Attendees Sharon Rose, Heidi Brehm, and Ryan Drozd at the summit. View a slideshow of the weekend here.

Despite challenges often faced when traveling with a chronic pain condition, 19 advocates and a handful of caregivers rallied together in Dallas, TX, for a U.S. Pain Foundation Advocacy Summit. The goal was to help people with pain understand how they can take action at the state and federal level and influence positive change for the pain community. Participants were selected to attend because of their exceptional efforts to engage and speak out about pain in the past.

“We were delighted to get to meet, in-person, this incredible group of dedicated advocates,” says Shaina Smith, Director of State Advocacy and Alliance Development. “Two major themes for the training were the power of sharing your story, and the ins and outs of current pain-related legislation.”

Adds Cindy Steinberg, National Director of Policy and Advocacy: “Our hope is that these pain advocates understand the many avenues they can use to speak out about the need for better pain care and know that each of their efforts can make a big difference.”

The weekend started off on Friday, Oct. 18, with an overview of the organization’s programs by Nicole Hemmenway, interim CEO, followed by an ice breaker activity that had everyone up on their feet, talking, and laughing. An optional gentle yoga session, led by summit attendee and yoga teacher Ryan Drozd, concluded the evening.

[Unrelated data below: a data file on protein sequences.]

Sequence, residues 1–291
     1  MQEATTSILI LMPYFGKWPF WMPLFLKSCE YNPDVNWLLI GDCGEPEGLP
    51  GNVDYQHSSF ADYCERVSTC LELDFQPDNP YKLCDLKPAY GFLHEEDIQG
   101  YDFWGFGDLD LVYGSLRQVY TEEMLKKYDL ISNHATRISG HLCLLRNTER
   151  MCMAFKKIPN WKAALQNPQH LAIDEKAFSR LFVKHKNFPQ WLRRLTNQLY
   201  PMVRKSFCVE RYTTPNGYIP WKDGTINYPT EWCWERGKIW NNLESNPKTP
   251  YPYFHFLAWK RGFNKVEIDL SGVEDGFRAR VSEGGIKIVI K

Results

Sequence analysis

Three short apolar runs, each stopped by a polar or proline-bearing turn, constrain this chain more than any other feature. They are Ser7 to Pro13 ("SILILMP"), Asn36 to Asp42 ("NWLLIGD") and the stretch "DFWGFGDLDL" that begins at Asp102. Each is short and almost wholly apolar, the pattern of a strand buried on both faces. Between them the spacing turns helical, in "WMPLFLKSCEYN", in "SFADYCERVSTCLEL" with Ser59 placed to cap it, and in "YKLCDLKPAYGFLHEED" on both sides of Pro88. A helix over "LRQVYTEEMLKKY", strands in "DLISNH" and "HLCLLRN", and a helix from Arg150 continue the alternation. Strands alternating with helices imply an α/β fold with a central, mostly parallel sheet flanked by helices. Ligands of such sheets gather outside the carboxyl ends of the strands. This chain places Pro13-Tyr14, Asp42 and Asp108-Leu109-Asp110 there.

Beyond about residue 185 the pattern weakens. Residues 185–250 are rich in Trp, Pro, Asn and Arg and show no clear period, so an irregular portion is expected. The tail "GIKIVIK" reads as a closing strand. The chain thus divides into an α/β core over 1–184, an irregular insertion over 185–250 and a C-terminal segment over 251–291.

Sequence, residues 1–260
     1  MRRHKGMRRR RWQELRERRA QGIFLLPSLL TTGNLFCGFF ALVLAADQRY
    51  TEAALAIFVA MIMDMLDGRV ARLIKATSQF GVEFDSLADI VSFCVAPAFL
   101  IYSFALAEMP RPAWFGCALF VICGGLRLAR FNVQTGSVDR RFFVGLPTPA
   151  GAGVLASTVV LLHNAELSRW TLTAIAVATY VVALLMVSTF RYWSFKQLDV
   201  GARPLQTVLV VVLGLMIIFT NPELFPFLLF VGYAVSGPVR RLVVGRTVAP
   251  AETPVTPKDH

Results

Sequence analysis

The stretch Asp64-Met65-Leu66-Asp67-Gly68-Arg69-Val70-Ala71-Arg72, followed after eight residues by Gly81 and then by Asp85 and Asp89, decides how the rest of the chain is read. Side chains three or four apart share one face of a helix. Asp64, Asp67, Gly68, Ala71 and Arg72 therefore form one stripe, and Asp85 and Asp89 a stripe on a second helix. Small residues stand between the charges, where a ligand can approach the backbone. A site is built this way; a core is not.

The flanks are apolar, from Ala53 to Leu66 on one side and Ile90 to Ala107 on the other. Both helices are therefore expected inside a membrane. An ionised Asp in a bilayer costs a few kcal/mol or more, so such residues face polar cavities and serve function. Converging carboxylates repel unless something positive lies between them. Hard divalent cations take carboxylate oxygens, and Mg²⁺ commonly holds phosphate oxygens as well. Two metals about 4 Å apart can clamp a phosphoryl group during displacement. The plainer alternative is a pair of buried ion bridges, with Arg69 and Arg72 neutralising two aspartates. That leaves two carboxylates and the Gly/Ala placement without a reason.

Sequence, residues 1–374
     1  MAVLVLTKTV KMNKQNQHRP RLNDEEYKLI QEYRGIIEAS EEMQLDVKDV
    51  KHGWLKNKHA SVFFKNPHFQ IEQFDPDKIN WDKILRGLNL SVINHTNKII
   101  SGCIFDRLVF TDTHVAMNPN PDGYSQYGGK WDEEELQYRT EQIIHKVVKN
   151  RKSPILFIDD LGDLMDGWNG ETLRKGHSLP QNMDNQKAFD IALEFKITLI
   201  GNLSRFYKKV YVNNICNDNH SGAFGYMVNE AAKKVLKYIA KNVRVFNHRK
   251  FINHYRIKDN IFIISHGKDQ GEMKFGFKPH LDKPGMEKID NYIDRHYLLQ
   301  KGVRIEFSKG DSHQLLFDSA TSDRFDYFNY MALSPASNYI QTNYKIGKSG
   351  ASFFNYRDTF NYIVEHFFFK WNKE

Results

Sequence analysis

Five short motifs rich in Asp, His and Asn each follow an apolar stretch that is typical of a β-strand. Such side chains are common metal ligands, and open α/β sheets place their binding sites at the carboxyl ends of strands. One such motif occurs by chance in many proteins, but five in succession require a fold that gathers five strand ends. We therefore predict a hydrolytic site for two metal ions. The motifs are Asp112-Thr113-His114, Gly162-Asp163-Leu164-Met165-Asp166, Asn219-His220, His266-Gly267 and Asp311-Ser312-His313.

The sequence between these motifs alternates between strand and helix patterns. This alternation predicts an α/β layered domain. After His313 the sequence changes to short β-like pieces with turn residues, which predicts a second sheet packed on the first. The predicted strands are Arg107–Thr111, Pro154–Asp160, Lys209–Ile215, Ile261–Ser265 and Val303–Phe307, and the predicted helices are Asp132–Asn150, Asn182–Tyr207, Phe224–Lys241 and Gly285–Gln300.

Saturday was a full day of training and education. In addition to presentations by Smith and Steinberg, the agenda included two panel discussions (one of which featured two attendees, Mia Maysack and Michele Rice, and their expertise in advocacy), an interactive story writing workshop led by National Pain Report’s Ed Coghlan, and a meeting with lawmakers role play exercise. (Read more about Coghlan’s workshop here.)

Before ending the first day of advocacy training, attendees were paid a surprise visit by inspirational guest speaker and former NFL LA Chargers linebacker Mike Moore. While addressing the room, Moore opened up about his pain journey and shortened professional football career.

“I was placed on injury reserve for a year,” Moore said while standing at the front of the conference room. “When you’re not playing, you get isolated…I didn’t want to be a burden to people, so I isolated myself.”

Today, Moore has dedicated himself to helping others, including kids involved in the Pediatric Pain Warrior Program. Moore welcomed questions from attendees and took photos with them.

The evening concluded with an optional support group meeting, led by Hemmenway, and yoga under the stars thanks to Drozd.

Sunday’s half-day training program centered on specific policy issues impacting the chronic pain population, advocacy tools to increase successful policy outcomes, and ways to stay engaged with the U.S. Pain advocacy team. Then Hemmenway presented each attendee with a certificate for completing the training.

Attendees were given an assignment checklist and a few days later, asked to complete a follow-up survey to provide feedback for future event planning. A few of the comments captured through the anonymous responses have been shared below:

  • “I enjoyed learning about how much of an impact our individual stories as constituents can affect state and federal policies.”
  • “I thought the summit was excellent overall. It actually exceeded my expectations, because I had no idea there was so much involved! The presentations and resources were excellent.”
  • “My favorite part of the summit is the fact that I felt completely prepared to advocate for the chronic pain community.”
  • “I really appreciated how prepared for our needs they were. My favorite part was the chance to meet and network with fellow patient advocates.”

To sign up to become an advocate with U.S. Pain, click here.

Special thanks to the summit sponsors: Genentech and Eli Lilly.